Plan sponsors may want to reframe their participant statements to provide employees with information that translates their retirement plan savings into expected income in retirement — not accumulated wealth.

Personalized advice and education services can go a long way in helping employees make both broad retirement planning decisions as well as individual investment selections. As an example, fees and expenses are always an important consideration, but many plan participants don’t know how annuities are priced, or that many in-plan annuities may be cheaper than retail annuities.

The fact is that employees generally look toward their employers to help them reach a secure retirement. In fact, our research found that 81% of workers trust the information provided by employers.[5]

By taking a lesson from 403(b) plans and the success of retirement outcomes in the nonprofit market, corporate plan sponsors can design define contribution plans that emulate the security of defined benefit plans to provide lifetime income for plan participants.

Tim Walsh is the managing director for institutional investment product distribution at TIAA.

[1] TIAA Actuarial (based on 2014 TIAA dividend mortality)

[2]TIAA Institute: TRENDS AND ISSUES (10/06). The payout annuity assumes a 65-year-old retiree, single-life annuity with 10 years guaranteed, 4 percent rate of return, and the mortality assumptions used in computing current total income under TIAA or CREF payout annuities.

[3] Guarantees are subject to the claims paying ability of the issuing company.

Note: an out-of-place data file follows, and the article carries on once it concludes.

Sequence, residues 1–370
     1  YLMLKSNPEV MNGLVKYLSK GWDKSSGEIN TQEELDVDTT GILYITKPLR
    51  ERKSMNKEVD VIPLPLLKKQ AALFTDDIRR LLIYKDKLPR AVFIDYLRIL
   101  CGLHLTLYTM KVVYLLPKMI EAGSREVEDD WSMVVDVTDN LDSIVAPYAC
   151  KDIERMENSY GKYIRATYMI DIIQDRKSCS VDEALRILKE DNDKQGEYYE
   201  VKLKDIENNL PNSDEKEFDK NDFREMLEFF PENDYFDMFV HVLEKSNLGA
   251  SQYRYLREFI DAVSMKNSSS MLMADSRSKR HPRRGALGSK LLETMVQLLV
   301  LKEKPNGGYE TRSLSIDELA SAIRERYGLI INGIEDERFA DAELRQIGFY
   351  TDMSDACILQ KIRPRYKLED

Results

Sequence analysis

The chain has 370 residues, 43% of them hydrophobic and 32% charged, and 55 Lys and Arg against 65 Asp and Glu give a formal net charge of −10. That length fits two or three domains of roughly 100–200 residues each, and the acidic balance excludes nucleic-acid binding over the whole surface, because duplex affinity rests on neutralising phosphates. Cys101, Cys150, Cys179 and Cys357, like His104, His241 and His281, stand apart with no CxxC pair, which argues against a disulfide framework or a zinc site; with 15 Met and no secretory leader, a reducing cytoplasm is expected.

[4] TIAA Actuarial, as of 1/1/16, someone who was in TIAA Traditional for 30 years and amassed $100,000 through level monthly contributions would receive annual income of $7802 (Age 65, Single Life Annuity with 10 years guaranteed), which is 27 percent more than someone transferring $100,000 to TIAA Traditional the day before retirement. . Based upon TIAA proprietary research.

[5] TIAA-CREF 2014 Investment Options Survey

TIAA-CREF Individual & Institutional Services, LLC, Teachers Personal Investors Services, Inc., and Nuveen Securities, LLC, Members FINRA and SIPC, distribute securities products.

The material is for informational purposes only and should not be regarded as a recommendation or an offer to buy or sell any product or service to which this information may relate. Certain products and services may not be available to all entities or persons.

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2 responses to “How 403(b) Plans Can Inform 401(k) Plans”

  1. The New York City Employees Retirement System guarantees a 65 year old $10,654 per $100,000 annuitized while, as you state, TIAA guarantees just $7802.